Key reminders for witnesses in court

31st May 2023

We look at a case involving the General Medical Council (GMC), which highlights some important points regarding witnesses in court.

Lateef v GMC [2022] EWHC 2743 - background

Dr Lateef was suspended in 2018 following a conviction for dangerous driving. Dr Lateef had made false representations that (a) nobody had been injured and (b) that he had been unemployed at the time. While suspended, Dr Lateef submitted a fabricated CV to an employment agency. Dr Lateef contended that he never utilised the false CV and that someone else must have submitted it without his knowledge. A new explanation later emerged, that he had contacted a spiritual adviser, Mr Olayinka, revealing that unknown to Dr Lateef, his late wife had accessed his email account and utilised the false CV.

The Tribunal found that it had been Dr Lateef, and not his late wife, who had utilised the false CV. Dr Lateef’s conduct fell so far short of expected standards and he had shown persistent dishonesty, which is fundamentally incompatible with being a doctor. The Tribunal ordered Dr Lateef’s removal from the register of medical practitioners on 18 January 2022.

The Appeal

Dr Lateef denied the allegations and argued that the Tribunal’s decision was wrong and/or unjust by reason of serious procedural or other irregularity. His reasons included procedural unfairness, through the Tribunal’s failure to (a) secure an interpreter for Mr Olayinka, who was giving video evidence from Nigeria, or (b) adjourn the hearing due to the problematic internet connection and language barrier.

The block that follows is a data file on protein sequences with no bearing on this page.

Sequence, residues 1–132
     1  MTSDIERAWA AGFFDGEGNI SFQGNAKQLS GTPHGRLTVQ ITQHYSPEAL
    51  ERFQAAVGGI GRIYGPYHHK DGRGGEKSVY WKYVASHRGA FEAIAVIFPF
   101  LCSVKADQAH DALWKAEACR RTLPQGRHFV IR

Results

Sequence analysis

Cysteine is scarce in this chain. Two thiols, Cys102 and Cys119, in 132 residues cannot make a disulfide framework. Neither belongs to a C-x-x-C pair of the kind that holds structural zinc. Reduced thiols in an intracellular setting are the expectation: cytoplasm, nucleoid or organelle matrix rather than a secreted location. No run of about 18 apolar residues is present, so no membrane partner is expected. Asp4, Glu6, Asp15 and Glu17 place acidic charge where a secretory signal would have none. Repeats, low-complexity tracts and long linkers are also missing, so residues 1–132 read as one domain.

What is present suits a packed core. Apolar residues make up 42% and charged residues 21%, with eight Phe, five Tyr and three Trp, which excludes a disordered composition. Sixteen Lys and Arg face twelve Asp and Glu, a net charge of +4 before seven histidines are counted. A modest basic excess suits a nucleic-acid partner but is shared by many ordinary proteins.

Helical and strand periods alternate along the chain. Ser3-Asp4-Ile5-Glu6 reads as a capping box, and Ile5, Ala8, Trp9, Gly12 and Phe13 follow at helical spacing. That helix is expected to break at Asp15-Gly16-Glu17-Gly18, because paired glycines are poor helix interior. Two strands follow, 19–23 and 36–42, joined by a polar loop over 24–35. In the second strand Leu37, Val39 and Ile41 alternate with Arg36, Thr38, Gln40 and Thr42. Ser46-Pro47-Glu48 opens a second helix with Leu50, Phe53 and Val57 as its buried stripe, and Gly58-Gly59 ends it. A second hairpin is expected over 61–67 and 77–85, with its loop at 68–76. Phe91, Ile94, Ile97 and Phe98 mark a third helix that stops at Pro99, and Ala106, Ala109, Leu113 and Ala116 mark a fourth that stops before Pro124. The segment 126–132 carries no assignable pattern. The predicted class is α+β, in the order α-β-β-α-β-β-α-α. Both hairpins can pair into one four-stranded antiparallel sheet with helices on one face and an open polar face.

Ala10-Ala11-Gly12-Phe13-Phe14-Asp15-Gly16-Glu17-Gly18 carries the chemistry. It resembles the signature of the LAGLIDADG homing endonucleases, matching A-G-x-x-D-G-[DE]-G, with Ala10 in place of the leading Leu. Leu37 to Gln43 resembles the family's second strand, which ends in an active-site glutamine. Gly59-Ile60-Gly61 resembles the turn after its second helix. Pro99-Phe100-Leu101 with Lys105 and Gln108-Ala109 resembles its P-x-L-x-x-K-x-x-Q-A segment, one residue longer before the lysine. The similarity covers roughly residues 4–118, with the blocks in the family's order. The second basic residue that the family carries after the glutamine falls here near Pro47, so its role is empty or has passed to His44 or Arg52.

The court held that none of the grounds of appeal had any basis for the court concluding that the Tribunal’s decision was in any respect wrong or unjust and that there was no procedural unfairness.

Salient points to take away

Lateef reminds us that in civil litigation (and potentially extending to Tribunal proceedings), if a witness is considered exceptionally permitted to appear from abroad using a video link, it is obligatory for those seeking to call the witness to obtain permission from the Foreign Commonwealth & Development Office and the Diplomatic Mission of the foreign state in which the witness will be giving evidence, well before any such evidence is given. When permitted, it would be pertinent it is important to ensure that the witness is in a quiet space, with suitable internet connection.

It is fundamental that witnesses are able to give evidence in a clear and compelling manner. If a witness requires an interpreter, one must be requested well in advance by the party requiring such an interpreter. It is, notably, not the Court’s obligation to source an interpreter (set out at [13] in Lateef).

Lateef further reminds us of CPR Practice Directions 22 and 32, which impose several requirements on witness statements filed by non-English speakers:

  • The witness statement must be drafted in the witness’s own language;
  • The statement of truth must be in the witness’s own language;
  • The party relying on the witness statement must file a certified English translation; and
  • Witness statements should be in the witness’s own intended words.

These rules remove the risk of witnesses signing statements that do not reflect what they intend to say and without understanding the significance of the statement of truth.

Lateef lastly reminds us that the default position is not to grant witnesses anonymity. It is for the party petitioning for anonymity to make a ‘compelling case’ as to why anonymity should be granted.

This article was first published on 22 November 2022, and updated on 31 May 2023.

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